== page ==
When hiring a person or looking for a volunteer, we have a lot of decisions as leaders. The first item we need to do is look inward and ask the vital question of how much time you are willing to give up. To move our organization forward, we must be willing to give up our own time. If the answer is that you can’t give up any time, then you need to reevaluate the situation. There is no way as a leader you can bring on a direct report without devoting time to train, mentor, and prepare that person for success. How much time you can give up will help decide what skill level the person needs to have on day one! The answer to the above will also help you answer the next questions.
Before Posting the Job
Keeping in mind how much time you are willing to give up, one must answer the following set of questions before even posting the job:
- What are the skills that this person must possess on day one of their employment?
- What are your 1, 3, and 5-year goals for this position and the person in this position?
- What Skills can they learn over time?
Once you have answered the three questions above, you must lay out what that plan will look like and use this to create your job posting. It would be best if you also layout how you will get this person the skills they need to learn, as noted in the items listed from question 3 above. The answer can not just be, “I will teach them”! Even if that is the case, you need to layout the plan and curriculum to know your requirements!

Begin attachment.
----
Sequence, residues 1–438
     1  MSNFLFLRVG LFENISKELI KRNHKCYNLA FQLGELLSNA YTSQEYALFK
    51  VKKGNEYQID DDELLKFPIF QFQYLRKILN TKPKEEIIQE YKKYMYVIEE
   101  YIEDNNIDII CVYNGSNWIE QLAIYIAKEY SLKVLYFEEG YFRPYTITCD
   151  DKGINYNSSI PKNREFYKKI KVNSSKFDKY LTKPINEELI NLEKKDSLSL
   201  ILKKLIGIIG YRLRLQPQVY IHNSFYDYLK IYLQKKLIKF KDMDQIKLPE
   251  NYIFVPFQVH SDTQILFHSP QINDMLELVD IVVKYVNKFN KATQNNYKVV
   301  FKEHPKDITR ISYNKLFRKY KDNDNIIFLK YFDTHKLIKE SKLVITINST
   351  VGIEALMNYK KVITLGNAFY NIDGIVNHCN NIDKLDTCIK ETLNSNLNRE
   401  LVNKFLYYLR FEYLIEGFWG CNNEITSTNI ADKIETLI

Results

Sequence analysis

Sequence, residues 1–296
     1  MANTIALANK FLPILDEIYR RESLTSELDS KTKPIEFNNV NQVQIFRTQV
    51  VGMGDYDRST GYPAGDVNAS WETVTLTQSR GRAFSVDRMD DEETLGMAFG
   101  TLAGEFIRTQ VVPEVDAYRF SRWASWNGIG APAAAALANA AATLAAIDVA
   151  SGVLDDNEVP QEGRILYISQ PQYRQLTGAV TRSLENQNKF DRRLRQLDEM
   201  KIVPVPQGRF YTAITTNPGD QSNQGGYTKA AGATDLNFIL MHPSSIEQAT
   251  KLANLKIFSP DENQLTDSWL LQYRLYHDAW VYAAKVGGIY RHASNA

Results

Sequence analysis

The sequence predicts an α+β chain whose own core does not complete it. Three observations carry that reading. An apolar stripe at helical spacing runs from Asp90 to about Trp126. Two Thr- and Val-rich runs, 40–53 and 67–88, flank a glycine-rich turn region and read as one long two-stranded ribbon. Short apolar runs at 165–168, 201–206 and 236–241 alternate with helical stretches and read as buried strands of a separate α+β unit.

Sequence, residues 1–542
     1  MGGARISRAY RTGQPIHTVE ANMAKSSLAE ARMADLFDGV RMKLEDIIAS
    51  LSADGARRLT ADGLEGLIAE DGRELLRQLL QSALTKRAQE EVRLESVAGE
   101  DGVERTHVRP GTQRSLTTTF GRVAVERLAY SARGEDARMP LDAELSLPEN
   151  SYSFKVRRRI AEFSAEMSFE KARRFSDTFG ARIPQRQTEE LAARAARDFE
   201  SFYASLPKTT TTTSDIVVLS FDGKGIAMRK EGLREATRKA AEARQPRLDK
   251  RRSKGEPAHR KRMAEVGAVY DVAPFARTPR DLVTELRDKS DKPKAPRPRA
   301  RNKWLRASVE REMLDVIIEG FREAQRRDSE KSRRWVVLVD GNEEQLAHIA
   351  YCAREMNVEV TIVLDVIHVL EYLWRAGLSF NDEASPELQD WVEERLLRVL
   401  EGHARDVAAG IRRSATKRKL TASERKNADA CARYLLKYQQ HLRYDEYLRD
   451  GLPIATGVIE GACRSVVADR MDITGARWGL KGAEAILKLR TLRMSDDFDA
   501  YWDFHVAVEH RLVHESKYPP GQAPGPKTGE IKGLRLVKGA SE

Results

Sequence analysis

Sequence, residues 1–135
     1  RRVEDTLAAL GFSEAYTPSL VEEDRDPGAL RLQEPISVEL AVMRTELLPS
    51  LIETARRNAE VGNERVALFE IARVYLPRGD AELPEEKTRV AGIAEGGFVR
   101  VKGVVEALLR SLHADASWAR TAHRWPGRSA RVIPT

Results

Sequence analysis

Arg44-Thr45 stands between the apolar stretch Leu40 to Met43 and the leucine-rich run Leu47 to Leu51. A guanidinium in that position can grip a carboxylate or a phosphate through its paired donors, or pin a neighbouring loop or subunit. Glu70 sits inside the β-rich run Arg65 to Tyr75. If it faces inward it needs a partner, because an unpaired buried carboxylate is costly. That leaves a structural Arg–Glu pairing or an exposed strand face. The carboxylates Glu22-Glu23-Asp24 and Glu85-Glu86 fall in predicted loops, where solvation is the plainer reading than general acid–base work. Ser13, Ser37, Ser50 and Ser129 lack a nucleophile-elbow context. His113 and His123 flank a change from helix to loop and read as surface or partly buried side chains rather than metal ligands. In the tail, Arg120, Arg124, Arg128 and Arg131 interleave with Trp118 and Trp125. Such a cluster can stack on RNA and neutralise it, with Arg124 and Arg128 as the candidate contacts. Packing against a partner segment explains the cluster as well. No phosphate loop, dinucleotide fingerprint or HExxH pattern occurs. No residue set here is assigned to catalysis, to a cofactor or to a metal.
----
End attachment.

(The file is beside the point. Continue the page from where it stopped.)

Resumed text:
After the Hire!
Lastly, after we hire or select the person who is the best fit, you need to prepare to pass the baton to them. Undoubtedly, you have employed them to lessen your organization’s stress or workload. The worst thing we can do is hire the person, but not work a plan to turn over duties to them! The best way to do this is by following the following points.
- Not only give them the instructions of a task but demonstrate it for them. Often education is offered, but no demonstration. If we provide both, we have a higher chance of success.
- Let them gradually move into independence with each task and gain experience and slowly remove yourself from the workflow while still being available for questions. We should not give one day of training and tell the person, OK, that’s it and good luck!
- We need to assess our teams and people continually. We need to give feedback on progress, both good and bad!
If we follow these steps and treat our individuals based on their future potential rather than their present status, we will have many successes.